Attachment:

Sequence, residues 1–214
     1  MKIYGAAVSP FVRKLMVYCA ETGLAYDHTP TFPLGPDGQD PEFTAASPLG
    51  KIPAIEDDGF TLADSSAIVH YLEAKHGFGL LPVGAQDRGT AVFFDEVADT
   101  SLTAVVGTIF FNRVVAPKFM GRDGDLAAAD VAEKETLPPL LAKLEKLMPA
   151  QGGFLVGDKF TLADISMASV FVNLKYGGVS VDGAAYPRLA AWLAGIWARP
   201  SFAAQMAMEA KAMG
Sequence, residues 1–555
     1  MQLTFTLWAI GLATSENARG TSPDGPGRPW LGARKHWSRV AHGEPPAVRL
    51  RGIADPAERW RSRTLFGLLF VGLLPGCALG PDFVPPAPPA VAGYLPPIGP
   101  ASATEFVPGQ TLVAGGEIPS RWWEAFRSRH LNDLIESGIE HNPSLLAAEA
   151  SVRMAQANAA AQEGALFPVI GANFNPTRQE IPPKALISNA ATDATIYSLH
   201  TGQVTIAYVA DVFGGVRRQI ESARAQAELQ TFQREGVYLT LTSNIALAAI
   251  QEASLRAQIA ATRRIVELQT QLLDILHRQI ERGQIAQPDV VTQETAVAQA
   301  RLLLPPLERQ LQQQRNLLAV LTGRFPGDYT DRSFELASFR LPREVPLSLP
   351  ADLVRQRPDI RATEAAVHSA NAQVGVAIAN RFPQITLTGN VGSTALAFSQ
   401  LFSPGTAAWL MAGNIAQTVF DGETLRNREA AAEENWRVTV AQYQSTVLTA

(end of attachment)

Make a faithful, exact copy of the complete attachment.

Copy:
Sequence, residues 1–214
     1  MKIYGAAVSP FVRKLMVYCA ETGLAYDHTP TFPLGPDGQD PEFTAASPLG
    51  KIPAIEDDGF TLADSSAIVH YLEAKHGFGL LPVGAQDRGT AVFFDEVADT
   101  SLTAVVGTIF FNRVVAPKFM GRDGDLAAAD VAEKETLPPL LAKLEKLMPA
   151  QGGFLVGDKF TLADISMASV FVNLKYGGVS VDGAAYPRLA AWLAGIWARP
   201  SFAAQMAMEA KAMG
Sequence, residues 1–555
     1  MQLTFTLWAI GLATSENARG TSPDGPGRPW LGARKHWSRV AHGEPPAVRL
    51  RGIADPAERW RSRTLFGLLF VGLLPGCALG PDFVPPAPPA VAGYLPPIGP
   101  ASATEFVPGQ TLVAGGEIPS RWWEAFRSRH LNDLIESGIE HNPSLLAAEA
   151  SVRMAQANAA AQEGALFPVI GANFNPTRQE IPPKALISNA ATDATIYSLH
   201  TGQVTIAYVA DVFGGVRRQI ESARAQAELQ TFQREGVYLT LTSNIALAAI
   251  QEASLRAQIA ATRRIVELQT QLLDILHRQI ERGQIAQPDV VTQETAVAQA
   301  RLLLPPLERQ LQQQRNLLAV LTGRFPGDYT DRSFELASFR LPREVPLSLP
   351  ADLVRQRPDI RATEAAVHSA NAQVGVAIAN RFPQITLTGN VGSTALAFSQ
   401  LFSPGTAAWL MAGNIAQTVF DGETLRNREA AAEENWRVTV AQYQSTVLTA